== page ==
Will catch up with comments later, we are off this afternoon because of the open house and have to leave for a couple of hours and after we get back, we'll meet with our realtor.


48 comments:

Tomato Thymes said...

Farming is hard work and challenging. Nature is always in control. However if it comes together, it can be rewarding.

Frugal in Derbyshire said...

Wow! What a shock.
As a beekeeper of 40 years may I make comment?
To minimise the risk of hives being blown over I rarely place hives more than 8 inches above the ground ( I use sturdy wooden stands, but breeze blocks do well too). I use national hives, which have a flat roof and in the winter when it looks like it might be very windy I place concrete slabs on the roof. With a different type of hive I think I would place bricks in the top empty super, around the the feeder. The higher the structure the more chance there is that it will be blown or knocked over. I take away any supers that don't need to be there. If you suspect it being knocked over you will need to think about a fence I guess. If the hive was knocked over by an animal and it was stung, there is every chance they wont be back! One of our dogs bumped into one of our hives this summer which put the bees on alert (they dont' like to be bumped) and was stung on his face... he hasn't been near since!
Good Luck
Gill in the UK

anne marie in philly said...

:(

I hope you helped the bees. we really need them.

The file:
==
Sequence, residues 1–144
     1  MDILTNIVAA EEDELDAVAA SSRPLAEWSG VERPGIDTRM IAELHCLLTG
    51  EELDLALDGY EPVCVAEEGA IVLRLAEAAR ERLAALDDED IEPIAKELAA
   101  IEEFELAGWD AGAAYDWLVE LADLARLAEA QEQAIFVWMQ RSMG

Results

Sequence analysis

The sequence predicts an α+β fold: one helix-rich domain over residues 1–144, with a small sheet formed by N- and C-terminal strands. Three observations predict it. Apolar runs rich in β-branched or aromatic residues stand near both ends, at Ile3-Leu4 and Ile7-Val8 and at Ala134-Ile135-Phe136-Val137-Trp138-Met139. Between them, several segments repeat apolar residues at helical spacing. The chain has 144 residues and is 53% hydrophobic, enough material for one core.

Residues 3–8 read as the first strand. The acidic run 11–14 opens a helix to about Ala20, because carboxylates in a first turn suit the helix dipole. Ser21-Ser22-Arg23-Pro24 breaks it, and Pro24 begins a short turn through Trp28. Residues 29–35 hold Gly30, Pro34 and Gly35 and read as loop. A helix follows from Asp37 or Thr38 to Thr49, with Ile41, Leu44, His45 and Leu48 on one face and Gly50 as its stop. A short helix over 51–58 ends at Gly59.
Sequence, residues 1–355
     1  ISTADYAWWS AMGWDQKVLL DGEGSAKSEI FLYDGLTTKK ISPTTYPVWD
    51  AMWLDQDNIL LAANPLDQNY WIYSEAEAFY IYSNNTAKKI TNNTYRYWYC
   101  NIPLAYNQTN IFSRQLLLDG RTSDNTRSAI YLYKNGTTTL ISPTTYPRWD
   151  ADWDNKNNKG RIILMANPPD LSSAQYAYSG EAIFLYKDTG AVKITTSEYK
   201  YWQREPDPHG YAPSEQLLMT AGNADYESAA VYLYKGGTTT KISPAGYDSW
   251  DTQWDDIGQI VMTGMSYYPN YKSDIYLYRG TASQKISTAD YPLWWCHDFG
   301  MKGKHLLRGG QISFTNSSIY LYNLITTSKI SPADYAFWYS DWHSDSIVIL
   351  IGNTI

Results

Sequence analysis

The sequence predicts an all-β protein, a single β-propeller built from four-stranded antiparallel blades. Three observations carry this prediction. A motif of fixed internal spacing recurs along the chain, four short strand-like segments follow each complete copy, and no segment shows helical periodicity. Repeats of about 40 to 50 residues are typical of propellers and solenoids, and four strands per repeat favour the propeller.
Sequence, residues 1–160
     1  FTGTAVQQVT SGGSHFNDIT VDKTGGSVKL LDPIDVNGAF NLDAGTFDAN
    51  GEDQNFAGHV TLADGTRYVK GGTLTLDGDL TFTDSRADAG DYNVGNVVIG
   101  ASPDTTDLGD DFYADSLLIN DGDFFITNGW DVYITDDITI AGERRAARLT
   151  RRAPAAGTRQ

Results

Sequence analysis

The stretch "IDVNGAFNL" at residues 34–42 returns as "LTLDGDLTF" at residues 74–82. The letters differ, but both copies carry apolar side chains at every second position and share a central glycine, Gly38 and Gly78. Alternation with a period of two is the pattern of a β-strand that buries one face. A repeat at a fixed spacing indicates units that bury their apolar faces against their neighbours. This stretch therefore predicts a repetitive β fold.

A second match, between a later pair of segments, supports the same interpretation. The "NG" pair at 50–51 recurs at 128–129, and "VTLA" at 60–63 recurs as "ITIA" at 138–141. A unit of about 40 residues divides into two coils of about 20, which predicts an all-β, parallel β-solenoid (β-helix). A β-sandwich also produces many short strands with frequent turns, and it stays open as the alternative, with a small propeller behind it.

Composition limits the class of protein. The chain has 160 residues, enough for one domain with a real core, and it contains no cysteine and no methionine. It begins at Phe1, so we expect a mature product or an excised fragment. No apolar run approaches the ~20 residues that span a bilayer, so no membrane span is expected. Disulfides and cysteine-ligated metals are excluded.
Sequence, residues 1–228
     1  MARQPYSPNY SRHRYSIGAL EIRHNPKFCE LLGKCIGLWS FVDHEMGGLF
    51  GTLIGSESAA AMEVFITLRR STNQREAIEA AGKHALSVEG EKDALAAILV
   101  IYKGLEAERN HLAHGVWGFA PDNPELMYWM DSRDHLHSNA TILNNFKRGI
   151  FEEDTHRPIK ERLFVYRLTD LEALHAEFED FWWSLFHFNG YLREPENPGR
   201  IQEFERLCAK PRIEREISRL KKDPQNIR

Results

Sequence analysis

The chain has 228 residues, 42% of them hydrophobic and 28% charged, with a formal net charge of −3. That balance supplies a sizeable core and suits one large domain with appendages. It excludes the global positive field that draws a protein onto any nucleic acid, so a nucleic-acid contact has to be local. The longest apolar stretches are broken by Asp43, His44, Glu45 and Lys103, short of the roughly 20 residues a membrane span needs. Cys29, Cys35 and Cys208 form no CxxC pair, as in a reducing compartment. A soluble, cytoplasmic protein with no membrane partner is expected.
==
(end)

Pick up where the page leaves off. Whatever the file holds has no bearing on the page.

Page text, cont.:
Texan said...

I am just shocked that an animal would go near those beehives. I so hope your queen is ok and your hive can get itself back on a normal track! I am taking notes, on all of your bee dealings! You could put up a game camera, they are inexpensive. They will go months on one set of batteries. Just strap it to a tree or anything and it will auto take pics. Since they are weatherproof you don't have to worry about it just strap it up and leave it. You could see then what is going near your hives. You just take the camera card out and put it in your computer.. The cards will holds hundreds of photos...Honeyman has them in places on our property and its always interesting to see what we capture on them!

donna baker said...

Look for tracks in and around the area. You can usually figure out who or what it was. Bucks will rub the velvet from their antlers; usually on pine trees but have been known to use other things. They might be in rut down there. We can almost always figure out what has been about by walking around the place (sometimes even driving on the ATV.) So sorry. It is frustrating on the farm sometimes. Perhaps a small hog wire fence around it? Do you have black bears that far south?

Margaret said...

Oh boy, your heart must have just stopped when you saw those hives knocked over like that. I'm glad that the physical structures don't appear to be damaged & hopefully the queen is still safe and sound. When you said that 2nd Man was cleaning, etc. for the open house and you would be tidying things up at the farm, I thought you got the better part of the deal...now I'm not so sure!

Dawn McHugh said...

Our hives are strapped down to stakes in the ground, it stops freak gusts of wind taking the tops off, the hives are also in an area sheltered by hedges and trees, yours do look very much in the open, I cant offer any suggestions as to what caused it sorry.